Your friends say they're just having a little get together…
At this year’s Net Gala, Anna Wintour, notorious editor in chief of Vogue Magazine banned the taking of selfies, issuing a notice to attendees that, “It has solely to do with the guests’ security and enjoyment of the event.”
It may be no surprise that this was not met with the best reception from a lot of the guests. How would selfie queen Kim Kardashian resist snapping a pic of herself with hubby Kanye at the Met Gala? Needless to say, this rule was taken lightly by many of the guests, as is evidenced by the appearance of pics of said rule breakers on Instagram and Twitter accounts the next day. Most say the exact reason for the ban was unclear, but could it be that Wintour’s guests might have a reason to thank her?
According to a recent indications, dermatologists have cause to believe that the electromagnetic radiation from Smartphones may be damaging to the skin’s DNA causing premature wrinkles. Zein Obagi, founder of the OBagi Skin Health Institute in Beverly Hills says, “Your cell phone will damage your skin. It is not documented, but I can tell for sure whether someone uses their right or left hand to hole their phone, In my clinical observation, I can see dull, dirty-looking textures on the side of the exposed part.” (Are you checking your hands right now?)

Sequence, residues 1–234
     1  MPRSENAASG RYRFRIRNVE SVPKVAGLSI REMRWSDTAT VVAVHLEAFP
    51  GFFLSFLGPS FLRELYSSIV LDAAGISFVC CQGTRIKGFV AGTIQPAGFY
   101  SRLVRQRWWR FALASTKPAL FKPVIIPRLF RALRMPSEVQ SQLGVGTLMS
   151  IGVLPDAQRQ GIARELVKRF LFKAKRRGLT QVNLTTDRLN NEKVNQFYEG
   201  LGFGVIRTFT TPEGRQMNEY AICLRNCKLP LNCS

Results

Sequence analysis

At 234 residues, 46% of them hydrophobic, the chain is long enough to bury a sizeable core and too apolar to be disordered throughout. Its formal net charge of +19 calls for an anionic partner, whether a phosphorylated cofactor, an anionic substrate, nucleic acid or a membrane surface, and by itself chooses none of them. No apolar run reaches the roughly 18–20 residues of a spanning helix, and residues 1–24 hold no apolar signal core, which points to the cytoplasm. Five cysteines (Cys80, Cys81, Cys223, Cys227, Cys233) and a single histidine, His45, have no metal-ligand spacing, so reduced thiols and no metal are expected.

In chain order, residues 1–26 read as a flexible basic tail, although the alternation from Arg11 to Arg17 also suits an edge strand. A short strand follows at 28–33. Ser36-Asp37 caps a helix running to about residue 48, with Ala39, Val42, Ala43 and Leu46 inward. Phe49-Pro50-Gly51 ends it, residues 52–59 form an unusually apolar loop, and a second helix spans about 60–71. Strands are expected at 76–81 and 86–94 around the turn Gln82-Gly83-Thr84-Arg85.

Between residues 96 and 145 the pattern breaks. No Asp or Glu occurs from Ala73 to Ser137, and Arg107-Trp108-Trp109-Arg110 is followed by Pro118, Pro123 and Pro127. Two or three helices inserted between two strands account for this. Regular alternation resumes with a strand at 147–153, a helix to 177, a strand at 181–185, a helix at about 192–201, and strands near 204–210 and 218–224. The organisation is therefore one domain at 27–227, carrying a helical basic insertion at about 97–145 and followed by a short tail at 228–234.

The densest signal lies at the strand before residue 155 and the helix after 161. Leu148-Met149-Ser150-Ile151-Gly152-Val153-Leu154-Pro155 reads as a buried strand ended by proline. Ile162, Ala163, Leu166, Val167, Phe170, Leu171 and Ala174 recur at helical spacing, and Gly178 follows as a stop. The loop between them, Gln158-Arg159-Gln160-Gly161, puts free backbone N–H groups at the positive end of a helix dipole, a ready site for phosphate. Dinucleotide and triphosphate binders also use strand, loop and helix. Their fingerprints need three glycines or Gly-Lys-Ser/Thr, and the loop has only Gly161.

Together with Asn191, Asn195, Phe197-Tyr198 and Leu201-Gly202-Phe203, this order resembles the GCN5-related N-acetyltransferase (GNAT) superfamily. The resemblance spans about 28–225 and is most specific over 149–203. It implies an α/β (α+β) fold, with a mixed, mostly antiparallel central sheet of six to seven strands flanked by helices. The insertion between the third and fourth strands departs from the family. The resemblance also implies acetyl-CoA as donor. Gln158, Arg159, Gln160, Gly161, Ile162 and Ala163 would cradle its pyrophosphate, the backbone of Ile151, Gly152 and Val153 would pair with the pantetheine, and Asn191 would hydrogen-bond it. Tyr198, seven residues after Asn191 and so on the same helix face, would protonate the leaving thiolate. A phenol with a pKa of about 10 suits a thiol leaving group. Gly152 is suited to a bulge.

Apparently, cell phones emit radio frequency, which is a non-ionizing radiation from antennas. Tissues nearest the antenna can absorb the radiation, which is known to cause skin aging and wrinkles. Simon Zokaei,medical director of Linia Skin Clinic in London says,” It’s high time that bloggers and selfie addicts have something to be worried about. Even the blue color from the screen causes damage to our skin.”
However, Justin Ko, MD, Director of Medical dermatology at Stanford Health Care says, “There isn’t much evidence to links cell phones with premature aging or cancer. This is a different wavelength than UV rays from the sun…and no conclusive…evidence has been found to say non-ionizing radiation leads to an increase in skin cancer.”
But before you decide to snap that selfie, keep in mind that even if phones do not cause premature aging from radiation, there are other dangers linked to be aware of,Ko does warn that long-term use of cell phones can cause tissue heating which can turn into a skin rash called erythema ab igne or EAI and also warns that holding a phone to your face could cause wrinkles or acne due to high concentration of bacteria associated with the surface of cell phones. Ko recommends trying a hands-free unit which will separate the antenna from the brain, skin, or radio frequency emitting source. Dr. Amy Pelmutter,MD, warns of neck wrinkles caused by looking down at our phones and squinting and recommends taking breaks from scrolling and trying to keep your back upright.
So, back to Wintour. Should her guests rail against the Vogue fashionista or should we thank her for her intuition? It’s not clear, but one thing is: if we keep taking selfies, we soon may not want to take them anymore.